Home  »  library  »  poem  »  From Prologue to ‘The Wanderer’

C.D. Warner, et al., comp. The Library of the World’s Best Literature.
An Anthology in Thirty Volumes. 1917.

From Prologue to ‘The Wanderer’

By E. Robert Bulwer, Lord Lytton (Owen Meredith) (1831–1891)

OH, moment of sweet peril, perilous sweet!

When woman joins herself to man; and man

Assumes the full-lived woman, to complete

The end of life, since human life began!

When in the perfect bliss of union

Body and soul triumphal rapture claim,

When there’s a spirit in blood, in spirit a flame,

And earth’s lone hemispheres glow, fused in one!

Rare moment of rare peril!—The bard’s song,

The mystic’s musing fancy. Did there ever

Two perfect souls in perfect forms belong

Perfectly to each other? Never, never!

Perilous were such moments, for a touch

Might mar their clear perfection. Exquisite

Even for the peril of their frail delight.

Such things man feigns; such seeks: but finds not such.

No; for ’tis in ourselves our love doth grow:

And when our love is fully risen within us,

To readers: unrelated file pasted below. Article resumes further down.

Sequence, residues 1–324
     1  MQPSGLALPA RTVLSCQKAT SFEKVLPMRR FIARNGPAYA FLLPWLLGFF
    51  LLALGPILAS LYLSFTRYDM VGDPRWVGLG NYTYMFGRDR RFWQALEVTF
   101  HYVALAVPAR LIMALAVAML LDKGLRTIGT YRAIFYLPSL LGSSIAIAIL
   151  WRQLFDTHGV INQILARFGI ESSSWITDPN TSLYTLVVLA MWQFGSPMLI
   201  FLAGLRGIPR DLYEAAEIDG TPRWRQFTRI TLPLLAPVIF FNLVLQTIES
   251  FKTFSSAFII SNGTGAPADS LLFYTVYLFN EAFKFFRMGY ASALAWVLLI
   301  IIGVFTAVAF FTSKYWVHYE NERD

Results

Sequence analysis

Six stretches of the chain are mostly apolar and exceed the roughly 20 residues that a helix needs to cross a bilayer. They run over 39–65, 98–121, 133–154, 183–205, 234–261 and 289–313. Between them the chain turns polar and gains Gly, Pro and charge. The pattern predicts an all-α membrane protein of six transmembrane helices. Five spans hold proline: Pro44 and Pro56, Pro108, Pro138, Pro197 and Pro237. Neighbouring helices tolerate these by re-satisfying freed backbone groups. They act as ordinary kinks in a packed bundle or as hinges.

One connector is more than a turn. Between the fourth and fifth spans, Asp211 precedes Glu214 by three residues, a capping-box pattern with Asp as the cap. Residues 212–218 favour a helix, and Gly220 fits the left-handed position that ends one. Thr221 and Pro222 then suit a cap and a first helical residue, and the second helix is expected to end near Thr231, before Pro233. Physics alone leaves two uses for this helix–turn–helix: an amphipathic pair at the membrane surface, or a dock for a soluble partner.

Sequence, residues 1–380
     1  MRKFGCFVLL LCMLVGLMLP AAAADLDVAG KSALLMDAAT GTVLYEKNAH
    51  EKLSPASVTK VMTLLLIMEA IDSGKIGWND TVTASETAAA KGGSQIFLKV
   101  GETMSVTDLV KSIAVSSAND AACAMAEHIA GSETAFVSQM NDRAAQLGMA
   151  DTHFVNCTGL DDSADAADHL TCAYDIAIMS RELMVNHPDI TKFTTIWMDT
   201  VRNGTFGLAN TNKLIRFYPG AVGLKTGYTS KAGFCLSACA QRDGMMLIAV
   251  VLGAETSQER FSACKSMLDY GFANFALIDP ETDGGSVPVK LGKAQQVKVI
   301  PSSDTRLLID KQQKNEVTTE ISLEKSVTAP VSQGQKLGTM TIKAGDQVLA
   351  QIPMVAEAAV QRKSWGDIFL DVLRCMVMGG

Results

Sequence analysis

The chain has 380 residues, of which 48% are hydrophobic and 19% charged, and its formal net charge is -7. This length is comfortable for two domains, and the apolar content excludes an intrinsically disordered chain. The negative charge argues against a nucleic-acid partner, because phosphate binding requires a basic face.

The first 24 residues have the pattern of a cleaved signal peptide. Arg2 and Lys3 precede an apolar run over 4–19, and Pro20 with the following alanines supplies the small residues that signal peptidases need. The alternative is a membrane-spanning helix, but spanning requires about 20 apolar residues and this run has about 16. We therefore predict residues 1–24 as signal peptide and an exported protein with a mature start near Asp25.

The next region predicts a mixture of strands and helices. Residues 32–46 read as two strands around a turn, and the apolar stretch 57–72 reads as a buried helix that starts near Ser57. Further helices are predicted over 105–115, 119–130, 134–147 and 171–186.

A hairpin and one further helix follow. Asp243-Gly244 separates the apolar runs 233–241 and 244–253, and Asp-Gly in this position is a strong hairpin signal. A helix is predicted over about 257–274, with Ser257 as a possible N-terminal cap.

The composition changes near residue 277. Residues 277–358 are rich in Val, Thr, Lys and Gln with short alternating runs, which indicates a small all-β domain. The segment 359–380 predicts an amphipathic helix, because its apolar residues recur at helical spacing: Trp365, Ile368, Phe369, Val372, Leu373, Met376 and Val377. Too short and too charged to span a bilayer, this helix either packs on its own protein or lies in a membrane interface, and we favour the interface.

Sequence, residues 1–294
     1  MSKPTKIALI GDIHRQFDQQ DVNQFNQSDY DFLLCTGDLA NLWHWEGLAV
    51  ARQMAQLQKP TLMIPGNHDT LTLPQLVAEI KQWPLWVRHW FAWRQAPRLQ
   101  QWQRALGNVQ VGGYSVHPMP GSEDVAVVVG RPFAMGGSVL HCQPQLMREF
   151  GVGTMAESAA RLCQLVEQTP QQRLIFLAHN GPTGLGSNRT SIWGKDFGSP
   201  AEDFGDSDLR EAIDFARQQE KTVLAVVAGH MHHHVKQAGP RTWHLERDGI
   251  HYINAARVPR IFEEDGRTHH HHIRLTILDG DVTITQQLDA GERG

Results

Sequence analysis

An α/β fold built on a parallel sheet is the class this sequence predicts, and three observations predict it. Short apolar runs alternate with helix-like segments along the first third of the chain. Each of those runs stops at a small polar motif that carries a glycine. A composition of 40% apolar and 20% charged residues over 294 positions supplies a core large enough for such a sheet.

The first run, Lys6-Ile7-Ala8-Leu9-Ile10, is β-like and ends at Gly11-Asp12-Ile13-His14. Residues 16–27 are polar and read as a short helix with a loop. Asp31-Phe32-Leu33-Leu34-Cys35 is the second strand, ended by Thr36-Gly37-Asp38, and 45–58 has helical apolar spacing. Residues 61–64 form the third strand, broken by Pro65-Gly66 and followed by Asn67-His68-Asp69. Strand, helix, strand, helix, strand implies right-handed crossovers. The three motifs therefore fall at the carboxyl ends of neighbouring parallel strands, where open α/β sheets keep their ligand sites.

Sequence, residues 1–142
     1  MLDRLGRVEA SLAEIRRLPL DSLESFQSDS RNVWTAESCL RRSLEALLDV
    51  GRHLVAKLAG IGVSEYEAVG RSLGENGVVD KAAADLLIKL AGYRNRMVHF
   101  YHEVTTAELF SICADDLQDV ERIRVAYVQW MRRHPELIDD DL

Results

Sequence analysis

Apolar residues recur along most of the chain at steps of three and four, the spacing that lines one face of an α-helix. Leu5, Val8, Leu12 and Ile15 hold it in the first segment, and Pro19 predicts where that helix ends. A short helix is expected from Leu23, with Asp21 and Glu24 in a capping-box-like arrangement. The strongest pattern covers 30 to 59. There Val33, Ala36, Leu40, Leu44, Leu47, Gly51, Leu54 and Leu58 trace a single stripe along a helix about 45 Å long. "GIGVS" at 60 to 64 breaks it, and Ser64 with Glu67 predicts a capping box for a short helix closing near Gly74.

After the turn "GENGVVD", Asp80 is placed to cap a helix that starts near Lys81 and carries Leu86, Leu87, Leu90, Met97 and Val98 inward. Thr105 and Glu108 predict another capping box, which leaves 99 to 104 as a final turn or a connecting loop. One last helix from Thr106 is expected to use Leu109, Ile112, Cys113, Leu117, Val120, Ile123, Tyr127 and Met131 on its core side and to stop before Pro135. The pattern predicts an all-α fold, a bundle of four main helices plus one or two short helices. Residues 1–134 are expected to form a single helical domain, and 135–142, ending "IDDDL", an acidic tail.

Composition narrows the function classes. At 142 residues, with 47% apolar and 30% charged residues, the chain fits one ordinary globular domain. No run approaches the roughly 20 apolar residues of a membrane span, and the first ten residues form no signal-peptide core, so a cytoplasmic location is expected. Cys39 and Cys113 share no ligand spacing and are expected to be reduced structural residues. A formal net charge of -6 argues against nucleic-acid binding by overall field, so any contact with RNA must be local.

Round the first object doth it overflow,

Which, be it fair or foul, is sure to win us

Out of ourselves. We clothe with our own nature

The man or woman its first want doth find.

The leafless prop with our own buds we bind,

And hide in blossoms; fill the empty feature

With our own meanings; even prize defects

Which keep the mark of our own choice upon

The chosen; bless each fault whose spot protects

Our choice from possible confusion

With the world’s other creatures; we believe them

What most we wish, the more we find they are not;

Our choice once made, with our own choice we war not;

We worship them for what ourselves we give them.

Doubt is this otherwise.—When fate removes

The unworthy one from our reluctant arms,

We die with that lost love to other loves,

And turn to its defects from other charms.

And nobler forms, where moved those forms, may move

With lingering looks: our cold farewells we wave them.

We loved our lost loves for the love we gave them,

And not for anything they gave our love.

Old things return not as they were in Time.

Trust nothing to the recompense of Chance,

Which deals with novel forms. This falling rhyme

Fails from the flowery steeps of old romance

Down that abyss which Memory droops above;

And gazing out of hopelessness down there,

I see the shadow creep through Youth’s gold hair

And white Death watching over red-lipped Love.